The only way to shut down the MRI unit is to “quench” the magnet. In limited cases where human life is in jeopardy, quenching the magnet may be necessary. This process involves eliminating superconductivity by releasing helium and nitrogen from the unit through vents to the exterior. Quenching may take between two and five minutes, and it is possible that some gases may escape into the scan room, causing an oxygen-deficient atmosphere.
(Photo by Robert Drennen.)
Quenching should be done by the attending technician, who activates the emergency quench valve. However, if the technician is injured or unavailable, fire department personnel should be familiar enough with this operation to carry it out.
Quenching the unit is an expensive proposition and should only be done for life-safety reasons. A quench can cost the hospital in excess of S 10,000 for the loss of nitrogen and helium, approximately S 16,000 for every day the unit is unavailable for patients, and the salaries of the hospital technicians who would normally operate the unit. What can’t be calculated is the impact on the patients who need the services of the machine but who cannot receive medical diagnoses because the unit is down.
Technicians also can “rhine down” the unit. This is a shutdown process that recovers most of the helium and nitrogen for subsequent use. ,It may take between two and four hours. This process is impractical for immediate rescue in the scan room but is appropriate when the unit is threatened by fire extension from another area of the building or when salvage operations in the room may become necessary.
The following are considerations firefighters should take into account when responding to a call in an MRI unit:
- Do not enter the scan room with any ferromagnetic items, such as hand tools, SCBA, extrication equipment, and jewelry. Also, remove all credit cards from your pockets, since these will become activated by the magnetic field.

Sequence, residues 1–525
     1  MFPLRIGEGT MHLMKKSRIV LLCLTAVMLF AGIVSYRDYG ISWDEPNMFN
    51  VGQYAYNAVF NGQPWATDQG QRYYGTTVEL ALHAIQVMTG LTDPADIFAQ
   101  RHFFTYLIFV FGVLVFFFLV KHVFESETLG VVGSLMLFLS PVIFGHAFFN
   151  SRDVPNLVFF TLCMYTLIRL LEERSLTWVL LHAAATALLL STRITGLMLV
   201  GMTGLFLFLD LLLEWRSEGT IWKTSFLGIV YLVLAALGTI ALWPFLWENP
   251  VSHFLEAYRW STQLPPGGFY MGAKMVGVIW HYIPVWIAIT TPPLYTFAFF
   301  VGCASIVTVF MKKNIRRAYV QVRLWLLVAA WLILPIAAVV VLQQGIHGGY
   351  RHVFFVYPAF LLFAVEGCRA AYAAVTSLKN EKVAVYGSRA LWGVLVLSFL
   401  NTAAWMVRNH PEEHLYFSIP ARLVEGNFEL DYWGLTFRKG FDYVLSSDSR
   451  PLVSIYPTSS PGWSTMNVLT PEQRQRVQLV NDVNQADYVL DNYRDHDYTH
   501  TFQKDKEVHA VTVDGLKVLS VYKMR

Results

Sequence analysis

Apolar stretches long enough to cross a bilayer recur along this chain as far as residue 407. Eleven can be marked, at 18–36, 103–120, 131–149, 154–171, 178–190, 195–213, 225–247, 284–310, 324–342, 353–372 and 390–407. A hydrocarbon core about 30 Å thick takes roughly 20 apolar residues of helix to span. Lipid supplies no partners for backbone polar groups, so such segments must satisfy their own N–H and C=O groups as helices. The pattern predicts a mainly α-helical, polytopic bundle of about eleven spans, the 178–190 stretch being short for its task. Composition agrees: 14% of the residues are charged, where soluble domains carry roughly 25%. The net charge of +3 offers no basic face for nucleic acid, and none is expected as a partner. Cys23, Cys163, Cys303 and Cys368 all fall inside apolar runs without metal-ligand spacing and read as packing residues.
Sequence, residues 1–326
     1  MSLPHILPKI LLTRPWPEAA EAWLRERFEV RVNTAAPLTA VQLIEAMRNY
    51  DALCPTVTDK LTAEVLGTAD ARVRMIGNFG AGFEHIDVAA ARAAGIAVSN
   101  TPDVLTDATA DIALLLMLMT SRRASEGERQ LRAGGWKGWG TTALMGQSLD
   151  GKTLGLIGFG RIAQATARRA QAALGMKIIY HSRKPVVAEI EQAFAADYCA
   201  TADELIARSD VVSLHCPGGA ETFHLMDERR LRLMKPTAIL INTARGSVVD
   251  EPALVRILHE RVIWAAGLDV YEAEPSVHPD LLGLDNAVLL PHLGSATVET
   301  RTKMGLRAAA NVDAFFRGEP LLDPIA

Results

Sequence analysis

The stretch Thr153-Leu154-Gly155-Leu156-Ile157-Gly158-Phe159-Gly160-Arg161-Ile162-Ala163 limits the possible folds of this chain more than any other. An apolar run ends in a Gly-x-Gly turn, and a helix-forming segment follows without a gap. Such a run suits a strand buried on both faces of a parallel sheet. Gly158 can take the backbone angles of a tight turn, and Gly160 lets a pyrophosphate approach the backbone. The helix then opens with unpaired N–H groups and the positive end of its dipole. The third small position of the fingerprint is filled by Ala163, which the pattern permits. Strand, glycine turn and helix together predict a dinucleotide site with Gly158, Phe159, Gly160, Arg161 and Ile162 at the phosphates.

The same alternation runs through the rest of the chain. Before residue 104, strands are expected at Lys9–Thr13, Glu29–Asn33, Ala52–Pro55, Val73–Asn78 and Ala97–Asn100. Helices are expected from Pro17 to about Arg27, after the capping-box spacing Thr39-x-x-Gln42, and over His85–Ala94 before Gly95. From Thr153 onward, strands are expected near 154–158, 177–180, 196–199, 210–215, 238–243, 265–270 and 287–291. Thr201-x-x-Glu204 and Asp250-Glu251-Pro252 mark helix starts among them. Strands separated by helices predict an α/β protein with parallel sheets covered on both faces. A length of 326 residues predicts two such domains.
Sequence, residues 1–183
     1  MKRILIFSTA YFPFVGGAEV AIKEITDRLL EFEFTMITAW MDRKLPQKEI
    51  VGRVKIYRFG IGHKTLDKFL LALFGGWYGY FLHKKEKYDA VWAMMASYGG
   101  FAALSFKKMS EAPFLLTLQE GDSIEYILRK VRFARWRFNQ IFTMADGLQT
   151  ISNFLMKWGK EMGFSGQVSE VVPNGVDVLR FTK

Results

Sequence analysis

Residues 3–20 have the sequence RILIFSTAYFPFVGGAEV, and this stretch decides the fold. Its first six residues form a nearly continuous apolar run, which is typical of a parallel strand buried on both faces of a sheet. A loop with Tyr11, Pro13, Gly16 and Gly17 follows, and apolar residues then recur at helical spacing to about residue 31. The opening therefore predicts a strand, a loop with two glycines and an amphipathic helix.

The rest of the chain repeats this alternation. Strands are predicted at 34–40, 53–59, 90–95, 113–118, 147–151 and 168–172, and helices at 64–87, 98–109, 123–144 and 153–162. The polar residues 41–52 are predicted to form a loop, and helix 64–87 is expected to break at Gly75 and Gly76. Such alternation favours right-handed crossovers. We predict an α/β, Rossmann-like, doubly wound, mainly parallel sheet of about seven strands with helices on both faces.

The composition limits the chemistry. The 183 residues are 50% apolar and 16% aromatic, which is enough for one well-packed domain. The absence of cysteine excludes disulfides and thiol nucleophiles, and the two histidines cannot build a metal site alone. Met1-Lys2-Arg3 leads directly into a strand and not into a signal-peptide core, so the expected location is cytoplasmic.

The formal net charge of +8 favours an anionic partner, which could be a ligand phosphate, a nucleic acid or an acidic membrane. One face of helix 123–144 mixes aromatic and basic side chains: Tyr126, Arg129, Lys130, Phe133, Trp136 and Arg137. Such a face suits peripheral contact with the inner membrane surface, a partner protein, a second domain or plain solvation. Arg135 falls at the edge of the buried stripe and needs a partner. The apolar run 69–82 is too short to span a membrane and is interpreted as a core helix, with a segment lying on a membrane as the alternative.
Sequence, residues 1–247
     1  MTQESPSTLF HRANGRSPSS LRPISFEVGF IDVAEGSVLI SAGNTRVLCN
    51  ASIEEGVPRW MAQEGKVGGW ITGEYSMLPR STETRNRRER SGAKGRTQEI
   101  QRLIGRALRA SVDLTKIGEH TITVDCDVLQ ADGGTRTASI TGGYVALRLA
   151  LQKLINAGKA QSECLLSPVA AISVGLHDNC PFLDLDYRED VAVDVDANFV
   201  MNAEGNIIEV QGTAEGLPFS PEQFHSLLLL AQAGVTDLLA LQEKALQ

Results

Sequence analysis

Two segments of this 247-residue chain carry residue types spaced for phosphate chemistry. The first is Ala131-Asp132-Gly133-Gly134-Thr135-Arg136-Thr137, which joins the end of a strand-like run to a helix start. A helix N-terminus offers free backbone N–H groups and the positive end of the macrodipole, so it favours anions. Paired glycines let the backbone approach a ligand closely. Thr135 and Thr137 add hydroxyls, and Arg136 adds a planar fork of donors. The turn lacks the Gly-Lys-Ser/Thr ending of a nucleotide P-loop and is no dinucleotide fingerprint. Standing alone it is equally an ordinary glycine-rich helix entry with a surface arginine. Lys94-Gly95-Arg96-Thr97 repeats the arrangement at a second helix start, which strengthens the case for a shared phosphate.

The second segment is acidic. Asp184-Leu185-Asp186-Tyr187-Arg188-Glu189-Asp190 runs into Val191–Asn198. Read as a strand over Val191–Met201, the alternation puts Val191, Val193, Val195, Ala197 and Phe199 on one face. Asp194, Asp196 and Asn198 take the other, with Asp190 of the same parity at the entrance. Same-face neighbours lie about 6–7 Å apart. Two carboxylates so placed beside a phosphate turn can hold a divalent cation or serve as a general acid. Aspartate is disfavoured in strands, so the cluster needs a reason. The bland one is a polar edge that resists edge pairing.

- Control the activity of personnel so no one strays into the scan room. Assemble emergency personnel at safe standby locations and assign as needed.
- Consult with technicians who are operating the machine before implementing a plan of action.
- Remember, you cannot communicate with personnel operating in the scan room via portable radio. Hand signals must be used.
- Avoid opening the walls and ceiling of the scan room, if possible, because of the damage to the copper sheathing.
- Do not use dry chemical extinguishing agents because of damage to the unit. Halon is recommended by manufacturers and many scan rooms are protected with Halon automatic discharge systems. Generally, there are few combustibles in the scan room. Should water application be necessary, electrical power to the area must be shut down and the unit quenched beforehand. If there is no life hazard in the scan room, an immediate quench probably will not be necessary. However, in an extended fire operation in which the scan room is a threatened exposure, it may be necessary to quench the unit.
MRI units represent the latest technological advancement for medical diagnosis, and their use is increasing steadily. As usual, a fire department’s best action is to have a preplan in place. Familiarize yourself with your local hospitals and healthcare facilities, and know where their MRI units are located. Knowing how to handle incidents involving MRls will help you to keep your head—and your tools—during a rescue.